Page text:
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                                                A couple goes to visit their son in a mental institution only to be turned away. The story is available from The New Yorker.

                                                24. “Gooseberries,” by Anton Chekhov

                                                “But surely a corpse wants that, not a man. And I hear that our intellectuals have a longing for the land and want to acquire farms. But it all comes down to the six feet of land.”

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                                                  A story about two brothers reestablishing themselves after their father’s death. The story is available here.

                                                  25. “Sea Oak,” by George Saunders

                                                  But she’s not bitter. Sometimes she’s so nonbitter it gets on my nerves.”

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                                                    A story about an aunt who refuses to stay dead. The story is available for free.

                                                    26. “The Ones Who Walk Away from Omelas,” by Ursula K. Le Guin

                                                    “But we do not say the words of cheer much any more. All smiles have become archaic.”

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                                                      A story about the price of utopia. The story is available for free here.

                                                      27. “The Veldt,” by Ray Bradbury

                                                      " A shadow flickered over Mr. McClean's hot face."
                                                      
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                                                        The story is about a murderous room. You can read it for free here.

                                                        28. “The Bear Came Over the Mountain,” by Alice Munro

                                                        “Her hair that was as light as milkweed fluff had gone from pale blond to white somehow without Grant’s noticing exactly when, and she still wore it down to her shoulders, as her mother had done”

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                                                          The story is about a professor’s wife losing her memory. It was later adapted into a film, Away From Her. The story can be found in The New Yorker.

                                                          29. “The Nose,” by Nikolai Gogol

                                                          “Ivan Yakovlevitch donned a jacket over his shirt for politeness’ sake, and, seating himself at the table, poured out salt, got a couple of onions ready, took a knife into his hand, assumed an air of importance, and cut the roll open. Then he glanced into the roll’s middle. To his intense surprise he saw something glimmering there. He probed it cautiously with the knife — then poked at it with a finger.”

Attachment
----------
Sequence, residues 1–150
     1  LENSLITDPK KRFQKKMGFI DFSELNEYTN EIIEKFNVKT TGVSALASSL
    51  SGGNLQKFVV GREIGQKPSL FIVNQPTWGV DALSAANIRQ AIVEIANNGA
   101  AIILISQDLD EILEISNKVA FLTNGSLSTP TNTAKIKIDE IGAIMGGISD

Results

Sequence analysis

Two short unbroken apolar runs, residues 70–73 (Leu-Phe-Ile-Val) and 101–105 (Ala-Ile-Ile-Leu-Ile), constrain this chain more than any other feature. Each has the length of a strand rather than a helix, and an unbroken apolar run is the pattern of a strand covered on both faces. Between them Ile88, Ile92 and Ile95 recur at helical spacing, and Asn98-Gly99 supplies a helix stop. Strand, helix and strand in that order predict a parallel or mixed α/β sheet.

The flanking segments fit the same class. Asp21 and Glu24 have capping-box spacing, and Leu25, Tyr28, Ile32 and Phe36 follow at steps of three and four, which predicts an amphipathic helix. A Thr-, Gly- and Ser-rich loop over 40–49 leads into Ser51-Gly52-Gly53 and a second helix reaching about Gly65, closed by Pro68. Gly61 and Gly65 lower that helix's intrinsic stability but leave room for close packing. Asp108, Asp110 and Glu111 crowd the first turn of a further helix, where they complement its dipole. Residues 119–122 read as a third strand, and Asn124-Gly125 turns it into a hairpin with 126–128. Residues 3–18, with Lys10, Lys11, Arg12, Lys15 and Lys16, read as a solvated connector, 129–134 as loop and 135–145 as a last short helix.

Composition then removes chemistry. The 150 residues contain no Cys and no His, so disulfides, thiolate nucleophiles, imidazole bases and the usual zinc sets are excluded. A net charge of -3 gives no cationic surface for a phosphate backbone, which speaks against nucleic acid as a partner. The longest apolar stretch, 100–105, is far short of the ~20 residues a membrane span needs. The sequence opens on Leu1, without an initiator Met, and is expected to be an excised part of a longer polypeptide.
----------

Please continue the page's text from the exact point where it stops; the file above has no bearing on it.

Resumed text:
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                                                            Two men awake to a very distressing morning. The story can be found here.

                                                            30. “Drown,” by Junot Diaz

                                                            “Days we spent in the mall or out in the parking lot playing stickball, but nights were what we waited for.”

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                                                              A young man returns home from college only to find many things have changed. Read for free.

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                                                              Last Updated on September 20, 2018

                                                              How to Stay Calm and Cool When You Are Extremely Stressful

                                                              How to Stay Calm and Cool When You Are Extremely Stressful

                                                              Being in a hurry all the time drains your energy. Your work and routine life make you feel overwhelmed. Getting caught up in things beyond your control stresses you out…

                                                              If you’d like to stay calm and cool in stressful situations, put the following 8 steps into practice:

                                                              1. Breathe

                                                              The next time you’re faced with a stressful situation that makes you want to hurry, stop what you’re doing for one minute and perform the following steps:

                                                              • Take five deep breaths in and out (your belly should come forward with each inhale).
                                                              • Imagine all that stress leaving your body with each exhale.
                                                              • Smile. Fake it if you have to. It’s pretty hard to stay grumpy with a goofy grin on your face.

                                                              Feel free to repeat the above steps every few hours at work or home if you need to.

                                                              2. Loosen up

                                                              After your breathing session, perform a quick body scan to identify any areas that are tight or tense. Clenched jaw? Rounded shoulders? Anything else that isn’t at ease?